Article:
« Reply #20 on: June 17, 2015, 05:06:27 PM »
In a little over 10 years the wife and I will have the following:
A home worth $250k with no lein
$100k for operating costs invested in something like a Vangard account
$400k in a 401k, we will be 20 years away from being able to draw from this

We want the 401k to sit and grow till we can draw from it without being penalized, that will be a 20 year window. I have always fantasized about a small farm operation and I feel like this could be a way to make that $25k a year income that's required to live off of.

 We would sell our home, and buy 10 acres and start creating a minimum of $25k a year of income. At the same time we could reduce our own costs by having organic food to eat from the farm. I'm pretty handy and will probably build some sort of small rental home on the property as well. I grew up on a small farm and didn't really like it, now I find myself missing that type of life style and dreaming of how I could start my own operation.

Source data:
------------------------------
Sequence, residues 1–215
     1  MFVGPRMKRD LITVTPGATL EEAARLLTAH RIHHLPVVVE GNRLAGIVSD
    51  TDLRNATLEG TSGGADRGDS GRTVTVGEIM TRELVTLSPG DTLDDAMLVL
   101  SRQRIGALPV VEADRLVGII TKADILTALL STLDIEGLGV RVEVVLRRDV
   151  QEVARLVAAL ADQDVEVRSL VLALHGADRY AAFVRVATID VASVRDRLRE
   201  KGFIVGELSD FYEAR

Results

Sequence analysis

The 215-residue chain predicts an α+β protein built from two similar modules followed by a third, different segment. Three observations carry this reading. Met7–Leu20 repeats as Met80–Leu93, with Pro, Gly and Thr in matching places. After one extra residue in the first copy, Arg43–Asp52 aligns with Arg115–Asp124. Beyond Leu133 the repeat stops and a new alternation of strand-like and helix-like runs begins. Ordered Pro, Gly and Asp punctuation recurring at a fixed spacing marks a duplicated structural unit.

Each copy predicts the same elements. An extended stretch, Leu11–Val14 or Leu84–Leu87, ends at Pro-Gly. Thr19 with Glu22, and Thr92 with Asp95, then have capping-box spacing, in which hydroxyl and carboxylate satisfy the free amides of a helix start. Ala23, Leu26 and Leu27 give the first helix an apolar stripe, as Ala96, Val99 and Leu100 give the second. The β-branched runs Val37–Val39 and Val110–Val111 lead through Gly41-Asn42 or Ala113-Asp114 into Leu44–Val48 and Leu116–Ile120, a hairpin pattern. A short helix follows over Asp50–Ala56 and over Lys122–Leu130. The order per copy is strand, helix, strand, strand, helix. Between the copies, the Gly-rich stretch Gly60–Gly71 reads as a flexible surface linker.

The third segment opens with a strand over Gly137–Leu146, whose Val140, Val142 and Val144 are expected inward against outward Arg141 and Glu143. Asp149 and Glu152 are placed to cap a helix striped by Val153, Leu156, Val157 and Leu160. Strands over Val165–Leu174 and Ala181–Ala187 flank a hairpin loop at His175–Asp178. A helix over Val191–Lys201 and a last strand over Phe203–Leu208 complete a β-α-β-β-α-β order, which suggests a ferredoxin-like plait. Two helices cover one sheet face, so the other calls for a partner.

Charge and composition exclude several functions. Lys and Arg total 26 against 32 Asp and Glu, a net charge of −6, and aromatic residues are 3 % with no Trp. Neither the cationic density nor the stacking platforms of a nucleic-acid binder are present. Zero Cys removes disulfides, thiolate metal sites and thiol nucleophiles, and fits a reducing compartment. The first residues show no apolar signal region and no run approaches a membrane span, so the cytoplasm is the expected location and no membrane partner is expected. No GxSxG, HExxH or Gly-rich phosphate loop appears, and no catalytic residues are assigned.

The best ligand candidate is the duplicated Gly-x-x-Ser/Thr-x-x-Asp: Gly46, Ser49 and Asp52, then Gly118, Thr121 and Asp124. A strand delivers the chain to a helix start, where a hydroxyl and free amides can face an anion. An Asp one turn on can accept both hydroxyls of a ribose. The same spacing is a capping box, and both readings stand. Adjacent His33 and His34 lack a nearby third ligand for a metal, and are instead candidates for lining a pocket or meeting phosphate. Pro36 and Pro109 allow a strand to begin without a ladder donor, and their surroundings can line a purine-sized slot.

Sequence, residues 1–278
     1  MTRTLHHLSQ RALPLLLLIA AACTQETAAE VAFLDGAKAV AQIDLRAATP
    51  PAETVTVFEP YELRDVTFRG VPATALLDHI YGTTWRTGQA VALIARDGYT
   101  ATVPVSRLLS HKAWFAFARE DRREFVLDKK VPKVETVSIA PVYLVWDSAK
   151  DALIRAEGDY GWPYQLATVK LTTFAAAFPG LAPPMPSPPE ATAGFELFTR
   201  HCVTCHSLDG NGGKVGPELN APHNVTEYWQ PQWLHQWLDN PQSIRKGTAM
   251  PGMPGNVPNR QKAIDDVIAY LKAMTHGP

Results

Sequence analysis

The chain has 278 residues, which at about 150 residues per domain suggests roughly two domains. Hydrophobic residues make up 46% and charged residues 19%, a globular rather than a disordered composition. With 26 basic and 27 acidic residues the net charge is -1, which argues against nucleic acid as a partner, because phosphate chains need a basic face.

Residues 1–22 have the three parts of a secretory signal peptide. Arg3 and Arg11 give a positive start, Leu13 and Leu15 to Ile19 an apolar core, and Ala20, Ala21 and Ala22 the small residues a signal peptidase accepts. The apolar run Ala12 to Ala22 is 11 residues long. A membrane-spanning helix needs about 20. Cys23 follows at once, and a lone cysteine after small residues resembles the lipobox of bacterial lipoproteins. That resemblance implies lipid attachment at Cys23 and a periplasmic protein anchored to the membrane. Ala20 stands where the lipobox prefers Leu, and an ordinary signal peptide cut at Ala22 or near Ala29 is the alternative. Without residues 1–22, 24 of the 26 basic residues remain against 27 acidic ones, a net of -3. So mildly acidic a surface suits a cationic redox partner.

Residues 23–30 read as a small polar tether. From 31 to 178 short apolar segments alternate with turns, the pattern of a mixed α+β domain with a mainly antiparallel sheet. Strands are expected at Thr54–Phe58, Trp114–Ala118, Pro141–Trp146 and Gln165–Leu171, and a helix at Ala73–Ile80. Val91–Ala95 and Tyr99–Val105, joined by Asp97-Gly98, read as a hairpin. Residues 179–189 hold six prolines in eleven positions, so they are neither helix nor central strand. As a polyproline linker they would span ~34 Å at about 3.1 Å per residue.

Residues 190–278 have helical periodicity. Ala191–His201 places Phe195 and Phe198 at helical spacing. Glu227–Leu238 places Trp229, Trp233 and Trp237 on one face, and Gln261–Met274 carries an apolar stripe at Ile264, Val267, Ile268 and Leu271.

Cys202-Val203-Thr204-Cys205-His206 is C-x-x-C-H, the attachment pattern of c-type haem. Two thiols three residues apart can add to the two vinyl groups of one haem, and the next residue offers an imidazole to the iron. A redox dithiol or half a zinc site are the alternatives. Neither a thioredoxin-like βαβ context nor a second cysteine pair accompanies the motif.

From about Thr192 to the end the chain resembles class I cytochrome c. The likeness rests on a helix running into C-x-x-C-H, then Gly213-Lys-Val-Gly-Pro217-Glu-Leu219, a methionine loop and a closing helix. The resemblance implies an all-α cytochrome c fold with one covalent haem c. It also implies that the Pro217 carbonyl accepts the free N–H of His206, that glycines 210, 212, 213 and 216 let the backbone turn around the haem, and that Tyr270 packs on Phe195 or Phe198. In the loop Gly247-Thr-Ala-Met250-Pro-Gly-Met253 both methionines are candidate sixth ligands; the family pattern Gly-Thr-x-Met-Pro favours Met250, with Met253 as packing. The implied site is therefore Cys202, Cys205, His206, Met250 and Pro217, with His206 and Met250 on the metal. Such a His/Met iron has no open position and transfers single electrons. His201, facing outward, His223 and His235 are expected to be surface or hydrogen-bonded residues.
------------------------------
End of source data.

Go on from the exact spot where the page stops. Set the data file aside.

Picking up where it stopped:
We will also have a son, he will be 12 years of age when the plan starts to take place.

Viable plan or just a crazy dream that will lead to years of frustration? My wife is a chemist who manages QA labs, I am a data center technician. So were not currently in this type of field.
Just so you know, there are ways of getting money out of your 401k prior to age 59 1/2, Either by Substantially Equal Periodic Payments(SEPP) or by using a roth conversion ladder (detailed in the following link)
http://jlcollinsnh.com/2013/12/05/stocks-part-xx-early-retirement-withdrawal-strategies-and-roth-conversion-ladders-from-a-mad-fientist/

GFPchicken

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Re: Micro Farming while retired?
« Reply #21 on: June 17, 2015, 06:18:52 PM »